Antibiotics

A concerned mother has a question: My pediatrician recently told me that he no longer recommends that patients who are prescribed antibiotics finish their entire dose. He said that recent research shows that finishing the dose may lead to greater antibiotic resistance, not less. He also said that pediatricians are no longer automatically prescribing antibiotics for bacterial ear infections. Could you comment on these two points in one of your columns?

Sure, I can do that. The use of antibiotics and other agents is widespread among humans, animals, in agriculture and other industries. I don’t think there is a person or an animal who has not been prescribed antibiotics. Let us look back in time.

Canadian statistics show that in 1999, about 25 million prescriptions for oral antibiotics were dispensed and that, after cardiovascular and psychiatric drugs, antibiotics were the most commonly prescribed class of agents, says an article in the Canadian Medical Association Journal.

Seventy years ago, sulphonamides (popularly known as sulpha) was the first chemical agent discovered to kill bacteria. Until then molds had been used to fight infection for 2500 years, but its effect was unpredictable and sometimes toxic.

In 1928, a Scottish physician, Alexander Fleming, noticed that a small amount of mold growing on a Staph culture destroyed the bacteria. He named an extract of the mold penicillin. In early 1940s, penicillin was mass-produced by drug companies. Since then many anti-bacterial agents have arrived in the market.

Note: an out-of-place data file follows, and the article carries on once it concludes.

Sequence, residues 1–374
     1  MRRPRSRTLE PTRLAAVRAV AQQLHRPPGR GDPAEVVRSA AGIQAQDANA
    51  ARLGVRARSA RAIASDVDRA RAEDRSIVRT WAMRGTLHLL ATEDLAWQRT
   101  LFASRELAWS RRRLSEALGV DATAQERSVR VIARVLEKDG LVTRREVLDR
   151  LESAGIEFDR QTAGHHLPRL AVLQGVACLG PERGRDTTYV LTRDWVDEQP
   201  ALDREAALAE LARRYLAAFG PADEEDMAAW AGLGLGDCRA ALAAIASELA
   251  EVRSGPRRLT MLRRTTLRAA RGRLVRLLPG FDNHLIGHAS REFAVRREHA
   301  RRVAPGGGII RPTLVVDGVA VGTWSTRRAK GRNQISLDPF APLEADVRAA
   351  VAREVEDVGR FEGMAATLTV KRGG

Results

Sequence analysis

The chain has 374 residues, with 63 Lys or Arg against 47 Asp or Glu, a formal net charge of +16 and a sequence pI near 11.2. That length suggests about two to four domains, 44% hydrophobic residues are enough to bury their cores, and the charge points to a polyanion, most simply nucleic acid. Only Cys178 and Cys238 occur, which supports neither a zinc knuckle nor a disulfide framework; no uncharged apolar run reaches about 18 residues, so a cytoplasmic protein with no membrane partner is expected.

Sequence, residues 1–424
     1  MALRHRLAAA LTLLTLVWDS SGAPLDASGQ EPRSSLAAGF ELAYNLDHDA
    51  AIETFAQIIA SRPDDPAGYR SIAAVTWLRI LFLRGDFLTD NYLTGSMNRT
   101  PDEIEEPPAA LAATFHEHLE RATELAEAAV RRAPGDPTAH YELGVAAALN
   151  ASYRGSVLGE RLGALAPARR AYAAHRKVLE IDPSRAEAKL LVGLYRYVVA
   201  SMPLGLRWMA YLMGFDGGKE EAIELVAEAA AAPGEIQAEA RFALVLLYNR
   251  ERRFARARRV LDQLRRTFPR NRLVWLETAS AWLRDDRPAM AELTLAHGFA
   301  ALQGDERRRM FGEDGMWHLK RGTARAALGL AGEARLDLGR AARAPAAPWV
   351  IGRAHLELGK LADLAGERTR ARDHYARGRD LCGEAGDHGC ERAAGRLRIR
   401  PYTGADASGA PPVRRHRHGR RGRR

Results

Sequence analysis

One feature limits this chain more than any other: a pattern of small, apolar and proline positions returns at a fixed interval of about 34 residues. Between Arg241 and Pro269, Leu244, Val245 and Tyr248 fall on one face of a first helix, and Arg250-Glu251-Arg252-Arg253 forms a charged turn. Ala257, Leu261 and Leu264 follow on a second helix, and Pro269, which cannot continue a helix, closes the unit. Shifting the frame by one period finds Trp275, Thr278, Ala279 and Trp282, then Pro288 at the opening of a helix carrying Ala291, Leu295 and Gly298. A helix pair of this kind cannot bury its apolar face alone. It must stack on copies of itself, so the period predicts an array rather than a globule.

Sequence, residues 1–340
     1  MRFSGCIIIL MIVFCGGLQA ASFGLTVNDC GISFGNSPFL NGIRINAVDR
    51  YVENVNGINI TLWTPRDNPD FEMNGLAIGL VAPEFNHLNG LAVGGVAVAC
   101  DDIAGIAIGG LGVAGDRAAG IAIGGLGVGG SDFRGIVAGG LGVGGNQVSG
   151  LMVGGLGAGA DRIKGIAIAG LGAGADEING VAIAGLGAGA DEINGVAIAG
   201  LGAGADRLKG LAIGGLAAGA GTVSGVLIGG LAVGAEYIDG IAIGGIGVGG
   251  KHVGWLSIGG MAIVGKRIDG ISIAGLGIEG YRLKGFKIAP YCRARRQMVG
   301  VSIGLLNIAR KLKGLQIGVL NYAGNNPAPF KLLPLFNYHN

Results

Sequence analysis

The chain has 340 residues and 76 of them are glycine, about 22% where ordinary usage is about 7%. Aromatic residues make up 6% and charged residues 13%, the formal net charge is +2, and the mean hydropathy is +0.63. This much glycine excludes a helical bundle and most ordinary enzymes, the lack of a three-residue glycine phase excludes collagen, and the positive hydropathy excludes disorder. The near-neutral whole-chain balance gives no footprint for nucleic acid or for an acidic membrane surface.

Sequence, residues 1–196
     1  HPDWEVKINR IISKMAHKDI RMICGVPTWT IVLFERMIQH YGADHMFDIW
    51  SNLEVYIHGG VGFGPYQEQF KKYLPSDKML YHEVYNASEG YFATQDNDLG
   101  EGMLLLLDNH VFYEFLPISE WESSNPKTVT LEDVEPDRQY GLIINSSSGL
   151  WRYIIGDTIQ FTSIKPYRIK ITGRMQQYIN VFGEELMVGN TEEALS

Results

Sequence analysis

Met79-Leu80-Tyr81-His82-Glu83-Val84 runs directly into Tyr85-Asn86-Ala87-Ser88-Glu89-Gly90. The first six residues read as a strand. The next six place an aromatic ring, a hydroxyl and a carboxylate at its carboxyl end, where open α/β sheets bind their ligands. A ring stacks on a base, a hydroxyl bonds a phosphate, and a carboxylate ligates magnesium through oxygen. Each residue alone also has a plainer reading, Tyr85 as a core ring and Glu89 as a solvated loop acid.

There is no doubt that modern anti-bacterial therapy has considerably decreased illness and deaths from infections, has prevented disease, and has contributed significantly to the development of modern surgery, trauma therapy, and organ transplantation.

“The broad application of antimicrobial agents in modern medicine has not, however, been problem-free. These agents occasionally cause major adverse reactions, interact with other classes of pharmacologic agents, and exert a major selective pressure for widespread antimicrobial resistance among bacteria,” says one textbook of medicine.

So, how long should one take antibiotics for?

Just the right number of days! And there is no magic formula. Short therapy fails to cure the illness. And unnecessarily prolonged therapy leads to undesirable reactions. For most acute infections, it is a good idea to continue therapy for two to three days after the temperature has returned to normal and all signs of infection have gone. If in doubt, then ask your physician.

What about antibiotics for ear infection?

The diagnosis of middle ear infection has the distinction of being the single most common diagnosis reported from pediatric office practices, yet there is no consensus in the literature about optimal methods of diagnosis, prevention, treatment and follow-up, says some medical literature.

Ear infection can be viral or bacterial. Seventy-five percent of children experience at least one episode of middle ear infection by their third birthday. Almost half of these children will have three or more ear infections during their first 3 years.

The majority of uncomplicated cases of ear infection do not require antibiotics as they resolve spontaneously. Since there is so much confusion on how to care for ear infection, a clinician’s experience may be more important than actual scientific knowledge. So, follow your physician’s advice regarding use of antibiotics for this condition.

Finally, here is what Caskie Stinnett said about antibiotics:

“The trouble with being a hypochondriac these days is that antibiotics have cured all the good diseases.”

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